Talent on show at Cayman Arts Festival

 The Cayman Arts Festival 2010 wound up on Saturday 13 February  and the first three events showed the range of talent drawn this year.
   On Friday 5 February, the  opening night at First Baptist Church was notable for the link-up of singer Kim Criswell and skilful pianist Wayne Marshall.
   Billed as Broadway Comes to Cayman, the concert showcased Criswell’s impressive pipes and performance skills as she led the audience through selections from Broadway shows written by Bernstein, Weill, Cole Porter and Gershwin.
   Highlights included an amusing Island Magic, a plaintive Love For Sale, a sexy I Can Cook Too and a jazz-tinted A Foggy Day.
   Marshall also came to the fore with two spectacular solo improvisations based round themes from first Porgy & Bess and then West Side Story.
   The duo were fizzingly-suited to each other and the performance was full of personality, fun, the occasional tear and plenty of classy flourishes. For any fan of the musical, this was a treat althoug the crowd was a little less than capacity.
    
Pyrotechnics
   Saturday saw more piano pyrotechnics, beginning with Cayman Arts Festival directors Glen Inanga and Jennifer Micallef on dual pianos for Laurent Sans-Saens’ Carnival of the Animals.
   Rita Estevanovich skilfully zipped between a series of different animals  using different clothes, poses and voices. She energetically inhabited each persona, all the while entertaining adults and kids alike with the rhymes and rhythms of each animal’s particular verse as written so memorably by Ogden Nash.
   Re-scoring an orchestral piece for two pianos is never going to capture all of the timbral representation and joyous musical satire of Sans-Saens’ original score, but the piece as a whole was engaging, lively and excellently-received from a crowd that ranged from tiny kids to their big kid parents.
   The second half of Saturday’s concert comprised the eagerly-awaited debut of 2+2=8. Wayne Marshall and John McLaughlin Williams joined Micallef and Inanga for the eight-handed set, and it was a programme that absolutely shimmered with excitement.
   The visceral nature of the multi-player experience was something to behold and with regular explanations behind the music from the protagonists, the audience was drawn into the world of these familiar pieces.
   Tchaikovsky’s 1812 Overture is a culturally-ubiquitous piece but the insight into its blending of La Marseillaise and traditional Russian folk song God Preserve Thy People was a welcome one.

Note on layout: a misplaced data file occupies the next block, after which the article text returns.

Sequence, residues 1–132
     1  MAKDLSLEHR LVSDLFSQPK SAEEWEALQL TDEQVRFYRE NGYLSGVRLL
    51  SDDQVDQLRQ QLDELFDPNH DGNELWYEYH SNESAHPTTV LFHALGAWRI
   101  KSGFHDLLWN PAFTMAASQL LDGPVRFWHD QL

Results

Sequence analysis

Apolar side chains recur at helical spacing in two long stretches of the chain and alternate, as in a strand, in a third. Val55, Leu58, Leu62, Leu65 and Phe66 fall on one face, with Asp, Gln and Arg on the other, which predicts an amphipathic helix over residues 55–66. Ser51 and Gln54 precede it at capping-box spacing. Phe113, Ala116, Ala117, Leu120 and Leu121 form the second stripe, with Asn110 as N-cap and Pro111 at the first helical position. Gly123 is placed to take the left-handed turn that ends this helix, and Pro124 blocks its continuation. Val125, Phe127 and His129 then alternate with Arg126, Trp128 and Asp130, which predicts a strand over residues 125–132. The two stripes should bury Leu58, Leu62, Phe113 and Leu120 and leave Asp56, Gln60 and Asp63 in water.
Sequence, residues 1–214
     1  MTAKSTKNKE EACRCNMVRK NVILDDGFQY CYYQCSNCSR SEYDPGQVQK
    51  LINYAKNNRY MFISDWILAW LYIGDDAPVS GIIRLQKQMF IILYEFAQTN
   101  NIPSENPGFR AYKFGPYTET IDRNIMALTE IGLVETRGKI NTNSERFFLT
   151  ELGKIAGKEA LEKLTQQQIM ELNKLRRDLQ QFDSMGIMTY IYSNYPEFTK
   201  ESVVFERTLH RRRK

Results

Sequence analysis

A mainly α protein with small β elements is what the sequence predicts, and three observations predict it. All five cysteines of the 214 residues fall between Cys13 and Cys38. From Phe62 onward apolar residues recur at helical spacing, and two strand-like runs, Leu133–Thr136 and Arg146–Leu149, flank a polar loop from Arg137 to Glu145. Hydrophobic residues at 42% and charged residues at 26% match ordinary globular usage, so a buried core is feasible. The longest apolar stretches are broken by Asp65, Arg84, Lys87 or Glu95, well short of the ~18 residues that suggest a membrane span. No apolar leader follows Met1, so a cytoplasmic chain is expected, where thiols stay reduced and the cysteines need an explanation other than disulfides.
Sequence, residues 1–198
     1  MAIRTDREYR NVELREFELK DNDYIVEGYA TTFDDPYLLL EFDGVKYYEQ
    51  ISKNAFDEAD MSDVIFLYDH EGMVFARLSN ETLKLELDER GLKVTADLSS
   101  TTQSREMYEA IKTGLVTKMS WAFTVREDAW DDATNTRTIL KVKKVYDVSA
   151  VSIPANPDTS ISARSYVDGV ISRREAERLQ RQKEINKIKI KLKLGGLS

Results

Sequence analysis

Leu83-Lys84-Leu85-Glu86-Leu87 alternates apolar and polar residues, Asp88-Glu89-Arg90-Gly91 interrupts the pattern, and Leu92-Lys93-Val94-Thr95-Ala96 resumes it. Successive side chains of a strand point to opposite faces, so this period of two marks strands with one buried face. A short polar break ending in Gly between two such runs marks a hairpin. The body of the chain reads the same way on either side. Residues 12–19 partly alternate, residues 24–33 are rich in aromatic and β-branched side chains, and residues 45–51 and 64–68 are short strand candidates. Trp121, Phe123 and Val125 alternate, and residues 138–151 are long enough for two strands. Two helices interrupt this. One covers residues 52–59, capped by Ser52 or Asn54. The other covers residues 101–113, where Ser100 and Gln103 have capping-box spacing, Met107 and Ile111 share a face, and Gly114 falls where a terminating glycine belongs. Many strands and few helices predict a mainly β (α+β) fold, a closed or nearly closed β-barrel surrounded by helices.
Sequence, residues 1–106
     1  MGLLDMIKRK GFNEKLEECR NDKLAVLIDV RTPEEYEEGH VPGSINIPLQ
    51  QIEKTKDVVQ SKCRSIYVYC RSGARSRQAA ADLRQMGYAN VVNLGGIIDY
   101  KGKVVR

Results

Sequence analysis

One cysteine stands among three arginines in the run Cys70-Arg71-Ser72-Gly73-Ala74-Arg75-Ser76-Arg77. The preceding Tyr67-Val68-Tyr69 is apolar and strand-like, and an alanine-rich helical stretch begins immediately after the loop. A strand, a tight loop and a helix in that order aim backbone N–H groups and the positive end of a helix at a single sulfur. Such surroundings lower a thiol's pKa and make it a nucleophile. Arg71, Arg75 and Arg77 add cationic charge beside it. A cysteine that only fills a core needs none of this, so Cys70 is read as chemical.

On paper, taking on such an enormous piece that in its full score features a massive orchestra and cannons could have been asking for trouble. But these are intensely-talented people, and the piece was powerful and triumphant.
   There was just time for an encore of a Khachaturian piece so frantic that manuscript paper was flying in all directions before an upbeat and exhilarated crowd bounced out into the scented evening air.
   
Stars
   Monday’s Rising Stars gig at Cayman International School’s Arts & Recreation Centre showcased local youngsters whose talents were given the respect of a decent stage with a good sound system and an audience made up of parents, friends and interested onlookers keen to spot the next big thing.
   Butterfield Young Musician of the Year 2009, steel pan player Azaiza La Pierre, opened it up before Francella Martin – only 12 – showed her flute playing. Saxophonist Melanie Ebanks played with sass before the hugely-gifted Beneil Miller coolly ran through Redemption Song. Another saxophonist, Zoey Robinson, had the crowd bopping before Dannia Clarke’s vocals took things into the break.
   The second half was opened by sax player Chantal Martin, then Maxim Kazakov fired out some exciting drum rhythms. Kenroy Milwood then teamed up with Beneil Miller to sing an original number, followed by soprano Appolina Bent.
   2008’s Butterfield Young Musician of the Year Michael Testori showed sax skills to end the solo section, before a quickly-assembled sax/drums ensemble sent the audience home happy as the first half of Cayman Arts Festival came to a close.

Comments are closed.